Aetos I believe is right about the historical infinitive and Caere. I also found the translation's rendering of nec in stabulis nec ad pecora segnes a bit jarring, reading it as you did, that they were "lazy neither in stables nor in regard to flocks." I think the translator is struggling in how to relate this to venando peragrare saltus, and resolves it by seeing segnes meaning something like "wasting time," but that strikes me as forced and not really attested as a meaning elsewhere. I think LIvy is simply saying (not that he says it simply) that while they spent time hunting, they didn't neglect their farming chores. Another translation:

As soon as the boys, thus born and thus brought up, grew to be young men they did not neglect their pastoral duties but their special delight was roaming through the woods on hunting expeditions.


Livy. (1912). History of Rome. (C. Roberts, Ed.). Medford, MA: E. P. Dutton and Co.
N.E. Barry Hofstetter
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Re: Livy 1.4: "nec in stabulis nec ad pecora segnes"

Postby Aetos » Mon Sep 03, 2018 12:30 pm

Thanks, Barry.
Looking at all the available meanings for signis, the one that seemed to provide the best contrast with venando was "lingering", but just having looked at Perseus, I see that only Spillan sees it that way, which is they would rather hunt than tend sheep. Foster and Roberts see it as quite the opposite, i.e. they are not neglecting their other duties while going off to hunt.
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Re: Livy 1.4: "nec in stabulis nec ad pecora segnes"

Postby Barry Hofstetter » Mon Sep 03, 2018 1:26 pm

Aetos wrote:Thanks, Barry.
Looking at all the available meanings for signis, the one that seemed to provide the best contrast with venando was "lingering", but just having looked at Perseus, I see that only Spillan sees it that way, which is they would rather hunt than tend sheep. Foster and Roberts see it as quite the opposite, i.e. they are not neglecting their other duties while going off to hunt.


I think to make that work you have to take the negatives with the adjective, but I see it as more natural to take them with the prepositional phrases. And there are lot better ways to say "not lingering" than to use some variant of "non segnis."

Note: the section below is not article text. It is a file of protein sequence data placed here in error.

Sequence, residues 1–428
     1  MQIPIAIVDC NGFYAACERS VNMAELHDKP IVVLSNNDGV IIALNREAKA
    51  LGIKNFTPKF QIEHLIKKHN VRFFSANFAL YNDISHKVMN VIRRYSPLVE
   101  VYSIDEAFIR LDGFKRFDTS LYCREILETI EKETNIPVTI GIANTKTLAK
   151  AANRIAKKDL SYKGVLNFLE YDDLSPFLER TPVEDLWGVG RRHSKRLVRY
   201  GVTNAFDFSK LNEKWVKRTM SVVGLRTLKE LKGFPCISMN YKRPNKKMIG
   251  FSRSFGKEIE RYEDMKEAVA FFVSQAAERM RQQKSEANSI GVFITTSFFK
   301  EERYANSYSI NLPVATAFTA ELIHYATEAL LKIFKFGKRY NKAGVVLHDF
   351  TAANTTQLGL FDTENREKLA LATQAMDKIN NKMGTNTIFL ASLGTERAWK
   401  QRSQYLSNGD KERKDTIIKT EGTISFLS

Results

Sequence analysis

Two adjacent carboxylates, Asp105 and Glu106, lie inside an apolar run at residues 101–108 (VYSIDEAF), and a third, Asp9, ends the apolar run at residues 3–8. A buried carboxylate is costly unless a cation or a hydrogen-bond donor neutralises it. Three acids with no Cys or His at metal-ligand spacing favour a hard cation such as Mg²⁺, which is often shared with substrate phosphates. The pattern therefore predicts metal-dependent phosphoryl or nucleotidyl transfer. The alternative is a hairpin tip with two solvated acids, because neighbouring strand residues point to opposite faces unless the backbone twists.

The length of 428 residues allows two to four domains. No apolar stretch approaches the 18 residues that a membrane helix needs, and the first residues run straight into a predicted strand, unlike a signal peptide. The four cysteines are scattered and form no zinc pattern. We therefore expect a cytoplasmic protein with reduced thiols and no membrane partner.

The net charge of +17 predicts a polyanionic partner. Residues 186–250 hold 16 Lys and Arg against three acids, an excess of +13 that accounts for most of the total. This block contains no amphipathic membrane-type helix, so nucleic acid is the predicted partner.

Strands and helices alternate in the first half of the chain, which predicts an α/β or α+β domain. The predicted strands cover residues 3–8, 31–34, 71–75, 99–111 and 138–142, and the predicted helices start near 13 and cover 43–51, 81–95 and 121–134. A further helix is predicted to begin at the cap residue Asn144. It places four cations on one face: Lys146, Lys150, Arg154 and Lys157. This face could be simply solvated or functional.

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Re: Livy 1.4: "nec in stabulis nec ad pecora segnes"

Postby Aetos » Mon Sep 03, 2018 1:54 pm

You know, I just realized I wrote "signis" when I meant to write "segnis". D'oh! See, I can misspell not only in Greek, but in Latin as well! Seriously though, it seems like the translation hinges on how one interprets segnis.
nec in stabulis nec ad pecora segnes
neither in the stables nor with the flocks lazy? lingering? inactive? sluggish? tardy?
If one chooses "inactive", then for him Livy is painting a picture of the responsible character of the future founders of Rome. On the other hand, if one chooses "lingering", then he sees Livy as describing their development as warriors, as the next few lines seem to expand upon.
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Re: Livy 1.4: "nec in stabulis nec ad pecora segnes"

Postby Carolus Raeticus » Mon Sep 03, 2018 4:50 pm

Thanks a lot, Aetos and Barry!

The historical infinitive definitely did not occur to me (I'll read up on it). And I am rather surprised that translators do not agree how to interpret this passage. As for Caere, strangely enough the OLD does not mark it as having only a few cases, while a school dictionary of mine and Cassell's do so.

Valete,

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Re: Livy 1.4: "nec in stabulis nec ad pecora segnes"

Postby Hylander » Tue Sep 04, 2018 2:52 am

I don't think Caesar uses historical infinitives very much if at all, but Livy uses them a lot (Sallust and Tacitus, too), so if you're reading Livy, you need to be alert to this construction.

nec in stabulis nec ad pecora segnes -- this can only mean that they were no slouches in tending the animals, but their primary focus was on hunting. Animal husbandry isn't an occupation for the lazy. Livy is emphasizing their rude and hardy upbringing as shepherds, and at the same time telling us that they were hard workers. "did not loiter away their time in tending the folds or following the flocks" is silly.
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Re: Livy 1.4: "nec in stabulis nec ad pecora segnes"

Postby Dantius » Sat Sep 22, 2018 2:29 pm

For Caere imperitabat, Caere could potentially be a locative (/abl. of place where): "was ruling at Caere". (cf. the examples under "Absol." in L+S, especially qua tempestate Carthaginienses pleraque Africa imperitabant)